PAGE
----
Home Buying

Provinces with the Lowest and Highest Income Taxes 

Provinces with the Lowest and Highest Income Taxes 
Written by
  • Tvine
| Oct 19, 2022
Reviewed, Jun 23, 2023
Share:

Table of contents

    When it comes to income tax in Canada, how much you will pay as a resident strongly depends on the province you call home. Personal income tax rates fluctuate significantly across provinces and territories and can greatly impact your finances. In this blog post, we provide an easy guide to better understanding Canada’s income tax and break down the provinces with the lowest and highest income taxes.


    Key Highlights

    • The marginal tax rate combines a province’s income tax rate and the federal income tax rate. 
    • The 3 Canadian territories and the province of Alberta have the lowest income tax rates in Canada.
    • Quebec and the provinces of Atlantic Canada have the highest income tax rates in Canada. 

    Best Mortgage Rates

    Fixed
    Variable
    in

    0.00%3 Year Fixed

    Get Rates

    0.00%5 Year Fixed

    Get Rates
    Check more rates

    Marginal Tax Rates in Canada   

    Before making our way down the list of provinces with the lowest and highest income taxes, let’s break down how income tax works in Canada. A key term to remember here is the marginal tax rate, the total income tax each Canadian pays. The marginal tax rate combines the provincial and federal income tax rates. In this way, since the federal income tax rate remains unchanged across the country, Canadians’ income tax depends on the province or territory where they reside.

    Canada uses a progressive tax structure meant to alleviate taxes on low-income earners. This means that the more money you make, the more you are taxed based on the tax bracket you fall under. Additionally, your income is not taxed if you earn below the federal basic personal amount. In 2022, the federal basic personal amount was $14,398, while each province and territory has their own. 

    Federal Tax Rates (2022)

    Tax Rate Income Bracket
    15% on the first $50,197 of taxable income, plus
    20.50% on the next $50,195 of taxable income (on the portion of taxable income over 50,197 up to $100,392), plus
    26% on the next $55,233 of taxable income (on the portion of taxable income over $100,392 up to $155,625), plus
    29% on the next $66,083 of taxable income (on the portion of taxable income over 155,625 up to $221,708), plus
    33% of taxable income over $221,708

    Top 5 Provinces with the Lowest Tax Rates

    Here are the top 5 provinces with the lowest income tax rates in Canada. 

    Data sourced from insurdinary.ca and turbotax.intuit.ca

    Alberta

    Alberta tops the list as one of Canada’s provinces with the lowest tax rate. While it shares this top spot with the country’s 3 territories, it boasts a significantly larger population paired with a high average individual income. Over 4.4 million people live in Alberta, approximately 1.6 million based in Calgary, the province’s largest city.

    Albertans pay lower taxes because Alberta has the highest basic personal amounts in Canada. For reference, Alberta’s basic personal amount is $19,369, while the federal basic personal amount is $14,398. This means Alberta residents are only taxed on their income when they make more than $19,369. Moreover, Alberta has the third-highest average individual income in Canada and the fourth-highest household income.

    Average Individual Income (before taxes): $61,865
    Average Household Income (after taxes): $80,449

    Income tax rates in Alberta range between 10% and 15%, while the marginal income tax rates range between 25% and 48%. Based on the table below, it is worth noting that Alberta’s lowest tax bracket has a much higher salary range than other provinces and territories.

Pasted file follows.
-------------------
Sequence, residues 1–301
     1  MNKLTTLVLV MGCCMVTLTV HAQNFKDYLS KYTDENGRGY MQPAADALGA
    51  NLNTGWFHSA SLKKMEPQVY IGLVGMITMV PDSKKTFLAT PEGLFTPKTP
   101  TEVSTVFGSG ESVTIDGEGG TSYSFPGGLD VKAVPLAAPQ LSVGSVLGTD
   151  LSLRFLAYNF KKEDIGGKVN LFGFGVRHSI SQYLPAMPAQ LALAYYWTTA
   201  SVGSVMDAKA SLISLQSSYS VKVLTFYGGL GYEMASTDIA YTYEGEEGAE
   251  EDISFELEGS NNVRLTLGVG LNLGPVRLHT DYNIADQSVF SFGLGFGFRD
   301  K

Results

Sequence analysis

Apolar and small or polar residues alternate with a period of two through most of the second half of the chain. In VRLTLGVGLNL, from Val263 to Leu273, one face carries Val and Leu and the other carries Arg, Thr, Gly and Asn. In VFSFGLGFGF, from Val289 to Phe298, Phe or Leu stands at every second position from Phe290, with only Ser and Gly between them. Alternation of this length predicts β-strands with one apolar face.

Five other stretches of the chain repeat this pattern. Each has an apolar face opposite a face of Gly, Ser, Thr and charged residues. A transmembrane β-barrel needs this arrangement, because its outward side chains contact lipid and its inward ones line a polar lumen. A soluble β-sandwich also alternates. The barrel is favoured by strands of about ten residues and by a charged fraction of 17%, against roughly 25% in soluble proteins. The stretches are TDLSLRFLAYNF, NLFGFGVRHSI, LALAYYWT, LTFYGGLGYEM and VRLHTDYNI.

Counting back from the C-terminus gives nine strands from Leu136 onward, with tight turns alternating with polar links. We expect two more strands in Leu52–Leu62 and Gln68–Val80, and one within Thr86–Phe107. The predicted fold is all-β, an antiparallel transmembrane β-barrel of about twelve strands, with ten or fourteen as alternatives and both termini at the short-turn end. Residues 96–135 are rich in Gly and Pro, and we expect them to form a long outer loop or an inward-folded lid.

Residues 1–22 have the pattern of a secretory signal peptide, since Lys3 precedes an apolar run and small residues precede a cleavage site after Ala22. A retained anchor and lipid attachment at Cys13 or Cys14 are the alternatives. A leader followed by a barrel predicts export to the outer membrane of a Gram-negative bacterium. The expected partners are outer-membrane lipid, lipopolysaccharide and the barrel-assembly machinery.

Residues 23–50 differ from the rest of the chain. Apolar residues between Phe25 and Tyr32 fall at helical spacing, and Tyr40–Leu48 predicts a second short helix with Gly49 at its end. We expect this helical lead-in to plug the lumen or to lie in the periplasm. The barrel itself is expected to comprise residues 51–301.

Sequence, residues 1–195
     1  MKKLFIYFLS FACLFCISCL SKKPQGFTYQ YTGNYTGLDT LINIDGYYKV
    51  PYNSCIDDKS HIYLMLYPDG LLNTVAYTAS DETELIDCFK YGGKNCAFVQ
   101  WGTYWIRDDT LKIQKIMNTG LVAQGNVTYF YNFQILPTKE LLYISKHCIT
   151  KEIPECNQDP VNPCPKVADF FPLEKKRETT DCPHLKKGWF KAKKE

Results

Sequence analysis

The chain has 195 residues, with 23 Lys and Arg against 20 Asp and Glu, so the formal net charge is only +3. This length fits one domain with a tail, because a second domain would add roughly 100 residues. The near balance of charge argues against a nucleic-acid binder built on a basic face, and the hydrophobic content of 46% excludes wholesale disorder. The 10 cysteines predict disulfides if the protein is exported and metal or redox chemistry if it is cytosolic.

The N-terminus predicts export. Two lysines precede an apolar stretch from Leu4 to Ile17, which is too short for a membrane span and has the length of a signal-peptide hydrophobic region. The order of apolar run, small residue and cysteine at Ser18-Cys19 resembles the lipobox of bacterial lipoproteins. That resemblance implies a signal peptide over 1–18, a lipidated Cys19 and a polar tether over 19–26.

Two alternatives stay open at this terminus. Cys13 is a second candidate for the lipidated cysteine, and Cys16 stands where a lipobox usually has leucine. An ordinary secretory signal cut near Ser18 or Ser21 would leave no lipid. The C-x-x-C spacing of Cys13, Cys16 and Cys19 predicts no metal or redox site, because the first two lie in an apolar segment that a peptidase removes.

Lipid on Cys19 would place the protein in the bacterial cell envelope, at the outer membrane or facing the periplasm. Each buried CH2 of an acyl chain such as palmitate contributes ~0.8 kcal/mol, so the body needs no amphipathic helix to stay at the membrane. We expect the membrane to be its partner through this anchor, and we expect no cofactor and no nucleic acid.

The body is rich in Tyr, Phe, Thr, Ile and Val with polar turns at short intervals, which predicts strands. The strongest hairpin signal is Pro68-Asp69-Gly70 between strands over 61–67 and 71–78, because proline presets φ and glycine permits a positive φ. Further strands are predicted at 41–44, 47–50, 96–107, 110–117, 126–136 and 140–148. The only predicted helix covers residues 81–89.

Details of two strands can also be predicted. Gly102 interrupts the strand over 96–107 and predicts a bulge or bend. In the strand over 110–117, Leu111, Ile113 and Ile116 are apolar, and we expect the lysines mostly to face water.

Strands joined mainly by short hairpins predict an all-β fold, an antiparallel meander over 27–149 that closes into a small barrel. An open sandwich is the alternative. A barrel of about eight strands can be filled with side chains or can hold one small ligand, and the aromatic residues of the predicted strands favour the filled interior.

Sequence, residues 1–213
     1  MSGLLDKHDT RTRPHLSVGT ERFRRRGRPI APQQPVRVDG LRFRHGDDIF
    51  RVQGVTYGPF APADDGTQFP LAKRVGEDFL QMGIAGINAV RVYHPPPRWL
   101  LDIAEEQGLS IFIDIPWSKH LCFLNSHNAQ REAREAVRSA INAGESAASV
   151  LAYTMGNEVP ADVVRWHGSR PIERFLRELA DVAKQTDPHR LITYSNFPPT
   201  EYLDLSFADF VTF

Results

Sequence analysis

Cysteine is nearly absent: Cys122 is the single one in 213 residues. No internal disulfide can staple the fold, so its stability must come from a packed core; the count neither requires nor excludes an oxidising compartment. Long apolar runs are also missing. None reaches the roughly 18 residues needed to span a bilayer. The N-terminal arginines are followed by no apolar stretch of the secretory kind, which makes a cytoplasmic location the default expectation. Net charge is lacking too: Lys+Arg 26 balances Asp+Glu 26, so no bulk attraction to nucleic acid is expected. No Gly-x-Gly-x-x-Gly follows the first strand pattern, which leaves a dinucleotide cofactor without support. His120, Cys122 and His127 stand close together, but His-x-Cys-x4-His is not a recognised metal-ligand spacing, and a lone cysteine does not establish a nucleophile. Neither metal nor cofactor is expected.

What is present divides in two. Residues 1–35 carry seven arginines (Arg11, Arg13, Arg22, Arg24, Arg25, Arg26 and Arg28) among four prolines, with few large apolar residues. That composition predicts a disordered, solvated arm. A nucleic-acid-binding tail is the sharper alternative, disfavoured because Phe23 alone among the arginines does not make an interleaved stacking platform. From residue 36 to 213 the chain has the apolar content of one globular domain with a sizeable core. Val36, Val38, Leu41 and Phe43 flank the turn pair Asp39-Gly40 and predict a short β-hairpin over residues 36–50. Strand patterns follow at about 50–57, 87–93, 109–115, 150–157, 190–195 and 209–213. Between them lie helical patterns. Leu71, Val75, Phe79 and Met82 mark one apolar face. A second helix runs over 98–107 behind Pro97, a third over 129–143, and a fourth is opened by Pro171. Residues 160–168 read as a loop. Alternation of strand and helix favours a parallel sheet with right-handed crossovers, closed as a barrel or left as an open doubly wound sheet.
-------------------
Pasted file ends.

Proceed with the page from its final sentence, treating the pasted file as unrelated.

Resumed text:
Alberta Income Tax Rate (2022)

    Tax rate Tax bracket
    10.00% $131,220 or less
    12.00% $131,221 to $157,464
    13.00% $157,465 to $209,952
    14.00% $209,953 to $314,928
    15.00% more than $314,928

    Today’s Best Mortgage Rates as of May 24, 2024

    Northwest Territories

    The Northwest Territories boasts the second highest individual income among the Canadian provinces and territories in 2022 but, much like the other territories, has a very small population: an estimated 45,605 people. 

    Average Individual Income (before taxes): $77,670

    Income tax rates in the Northwest Territories range between 5.9% and 14.05%, while the marginal income tax rates range between 20.09% and 47.05%.

    Northwest Territories Income Tax Rate (2022)

    Tax rate Tax bracket
    5.90% $45,462 or less
    8.60% $45,463 to $90,927
    12% $90,928 to $147,826
    14% more than $147,826

    Nunavut

    Nunavut boasts the highest individual income among the Canadian provinces and territories in 2022 but, much like the other territories, has a very small population: an estimated 39,589 people. Not only is Nunavut the least populated region in Canada, but it is also one of the least populous places in the entire world. 

    Average Individual Income (before taxes): $87,355

    Income tax rates in Nunavut range between 4% and 11.50%, while the marginal income tax rates range between 19% and 44.50%.

    Nunavut Income Tax Rate (2022)

    Tax rate Tax bracket
    4.00% $47,862 or less
    7.00% $47,863 to $95,724
    9.00% $95,725 to $155,625
    11.50% more than $155,625

    Yukon

    The Yukon had the fourth highest individual income among the Canadian provinces and territories in 2022 but, much like the other territories, has a very small population: an estimated 43,744 people. 

    Average Individual Income (before taxes): $61,812

    Income tax rates in the Yukon range between 6.4% and 15%, while the marginal income tax rates range between 21.40% and 48%.

    Yukon Income Tax Rate (2022)

    Tax rate Tax bracket
    6.40% $50,197 or less
    9.00% $50,198 to $100,392
    10.90% $100,393 to $155,625
    12.80% $155,626 to $500,000
    15.00% more than $500,000

    Saskatchewan

    The territories aside, Saskatchewan follows Alberta as the province with the second lowest income tax rate. Saskatchewan’s population is 1,194,803, and Saskatoon, its most populous city, is home to 337,000 people. Saskatchewan ranks 7th for average individual income and 6th for average household income in Canada. Both in terms of population and average income, there is a notable difference between Saskatchewan and Alberta.